When sending formal traffic we use “pro-words“ to clarify portions of the message. These are:

BREAK -- separates address from text and text from signature
CORRECTION -- I am going to correct an error
END -- end of message, usually followed by “no more” or “more” as below
MORE -- more messages to follow, usually preceded by the number of messages to follow, i.e., “2 MORE”
NO MORE — no more messages follow
FIGURES -- used for a word group containing numbers
INITIAL-- used only for a single initial
I SAY AGAIN -- used to indicate a “repeat” of a word
I SPELL -- to spell (phonetically) a word
MIXED GROUP -- i.e., 12BA6
AMATEUR CALL --indicates an amateur call sign follows

When receiving traffic, we use different pro-words for clarification or repeats of missing words. We always precede these pro-words by SAY AGAIN:

Quick Reference Frequencies for EMCOMM Contact Outside Chester County

Bucks County ARES
Primary Repeater: 147.090+ PL 131.8
WinLink: TelPac nodes:
Upper NJ3A-10 145.610 Riegelsville
Upper N3EXA-10 145.610 Perkasie
Central KB3BUX-10 145.670 Ivyland Home frequency
Lower NY3J-10 145.530 Bensalem

Delaware County ARES
Primary Repeater: 147.195MHz + PL 100.0
Linked Repeaters: 447.375 – PL 100.0
442.250 + PL 131.8
WinLink: Telpac nodes (1200 baud)
EOC/Lima W3AEC-10 144.910MHz
Aston N3UP-10 144.930MHz
Malvern/Paoli W3JY-10 144.95MHz
Ridley Park K4RFJ-10 145.03MHz

Montgomery County ARES/RACES

Primary Repeater:
2 m 146.235/146.835 - N3ACL PL 88.5
6 m 52.11/53.11 - N3ACL PL 88.5
220 Remote Base to 440 Repeater - 223.88 simplex – PL 136.5
440 444.125/449.125 - N3ACL PL 88.5
PACKET BBS - 145.01, 145.05 – Connect to N3ACL- 4
WinLink: 145.57
N3LJZ-10 (Trappe)
WA3WLH-10 (East Greenville)
W3CF-10 (Hatfield Twp)

Philadelphia County ARES
Primary Repeater: 147.030 + PL 91.5 Phil-Mont Repeater System
444.800 + PL 186.2
Secondary Repeater: 146.685 - PL146.2 (H.A.R.C. repeater)


State Net(Harrisburg)- Daytime: HF 40m LSB 7250.5
State Net(Harrisburg)- Nighttime: HF 75m LSB 3993.5

Tactical Net Pro-words and Break Tags

When communications get heavy, someone may have a short solution to a problem that is consuming valuable air time. We use “break tags" so they can get into the net and share their information. Normally we are trained not to break into a controlled net unless there is an emergency. The usual exception is to throw out our call sign, which usually gets us put on hold, while we sit in frustration with the answer to a question that could save much unnecessary chatter.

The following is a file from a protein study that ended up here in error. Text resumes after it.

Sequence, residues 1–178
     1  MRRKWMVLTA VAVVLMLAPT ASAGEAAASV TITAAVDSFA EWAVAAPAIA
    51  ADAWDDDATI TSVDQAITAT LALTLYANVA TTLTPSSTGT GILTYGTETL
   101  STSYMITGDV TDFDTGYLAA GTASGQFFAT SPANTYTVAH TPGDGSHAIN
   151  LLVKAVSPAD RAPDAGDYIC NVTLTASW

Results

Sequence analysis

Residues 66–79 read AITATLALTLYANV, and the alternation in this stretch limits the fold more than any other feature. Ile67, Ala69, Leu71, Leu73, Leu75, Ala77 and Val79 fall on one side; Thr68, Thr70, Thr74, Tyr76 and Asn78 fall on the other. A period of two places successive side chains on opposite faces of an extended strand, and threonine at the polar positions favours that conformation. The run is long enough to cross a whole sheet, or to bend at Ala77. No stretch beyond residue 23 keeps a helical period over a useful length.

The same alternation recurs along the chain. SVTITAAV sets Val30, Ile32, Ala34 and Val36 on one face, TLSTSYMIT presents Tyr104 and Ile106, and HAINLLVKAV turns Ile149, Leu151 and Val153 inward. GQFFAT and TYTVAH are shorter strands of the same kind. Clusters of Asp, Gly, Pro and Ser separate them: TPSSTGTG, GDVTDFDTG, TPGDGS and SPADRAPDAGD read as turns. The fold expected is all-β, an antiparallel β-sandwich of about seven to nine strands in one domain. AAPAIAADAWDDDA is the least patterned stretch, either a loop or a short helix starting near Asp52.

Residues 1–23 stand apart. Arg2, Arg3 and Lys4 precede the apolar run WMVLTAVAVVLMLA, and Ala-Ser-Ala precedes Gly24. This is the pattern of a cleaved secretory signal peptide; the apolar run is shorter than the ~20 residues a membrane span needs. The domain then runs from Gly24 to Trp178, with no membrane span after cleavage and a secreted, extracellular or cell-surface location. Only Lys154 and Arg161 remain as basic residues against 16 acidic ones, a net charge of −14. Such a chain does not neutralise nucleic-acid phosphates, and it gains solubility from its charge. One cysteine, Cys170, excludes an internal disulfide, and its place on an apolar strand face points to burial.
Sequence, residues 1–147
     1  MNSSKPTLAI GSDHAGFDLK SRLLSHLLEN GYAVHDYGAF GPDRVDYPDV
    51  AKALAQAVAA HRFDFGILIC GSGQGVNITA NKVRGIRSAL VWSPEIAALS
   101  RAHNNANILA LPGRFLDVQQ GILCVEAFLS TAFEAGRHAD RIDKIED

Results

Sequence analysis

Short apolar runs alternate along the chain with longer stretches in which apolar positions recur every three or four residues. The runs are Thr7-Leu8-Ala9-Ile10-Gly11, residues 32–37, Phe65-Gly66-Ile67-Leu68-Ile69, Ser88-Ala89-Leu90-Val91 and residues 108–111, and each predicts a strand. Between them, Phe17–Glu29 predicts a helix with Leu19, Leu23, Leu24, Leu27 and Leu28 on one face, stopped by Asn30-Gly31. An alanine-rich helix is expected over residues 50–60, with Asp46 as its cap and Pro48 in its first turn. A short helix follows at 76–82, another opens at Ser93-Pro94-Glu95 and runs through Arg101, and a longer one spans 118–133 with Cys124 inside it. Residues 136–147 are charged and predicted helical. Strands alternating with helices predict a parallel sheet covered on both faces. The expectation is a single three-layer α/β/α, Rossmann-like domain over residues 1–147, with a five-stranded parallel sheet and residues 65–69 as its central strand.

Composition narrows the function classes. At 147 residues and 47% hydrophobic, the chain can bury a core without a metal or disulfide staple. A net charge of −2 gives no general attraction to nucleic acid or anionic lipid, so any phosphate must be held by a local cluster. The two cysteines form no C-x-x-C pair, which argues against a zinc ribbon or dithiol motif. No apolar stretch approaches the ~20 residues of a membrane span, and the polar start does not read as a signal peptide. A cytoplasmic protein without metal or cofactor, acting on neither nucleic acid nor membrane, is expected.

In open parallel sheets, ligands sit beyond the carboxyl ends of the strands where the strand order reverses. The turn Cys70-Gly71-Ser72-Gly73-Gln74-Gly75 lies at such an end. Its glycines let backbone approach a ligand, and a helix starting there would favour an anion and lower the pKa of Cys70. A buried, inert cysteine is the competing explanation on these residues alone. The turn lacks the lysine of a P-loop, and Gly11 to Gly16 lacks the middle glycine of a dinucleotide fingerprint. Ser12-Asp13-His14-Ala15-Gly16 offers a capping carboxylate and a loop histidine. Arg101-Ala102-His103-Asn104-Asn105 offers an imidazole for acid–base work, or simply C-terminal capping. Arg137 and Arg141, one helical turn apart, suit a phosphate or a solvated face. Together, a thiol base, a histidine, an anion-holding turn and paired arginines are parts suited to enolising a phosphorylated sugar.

Break tags are single pro-words used to break into a net that indicate the kind of info you are offering. They are to be used only when the information will be appreciated by the NCS and will result in a more efficient net. They are:

  • Answer or Info — when you have the answer to a specific question being discussed, and time will diminish its value.
  • Recheck — when you are returning to the net from another frequency or an absence.
  • Query — when time is of the essence and you have a question that needs to be addressed now, like when the Mayor asks you for an answer and he is standing next to you.
  • Priority — to request a break to report an important but non-life-threatening situation, such as a car accident or a minor medical incident.
  • EMERGENCY — only break in with this to report ongoing life- or property-threatening situations.
  • Your Call Sign — as a break-in word it is an indication that you have traffic that can wait and does not require stopping the ongoing exchange. With this you expect to be put on hold. As the last thing in an exchange, you indicate you are clear.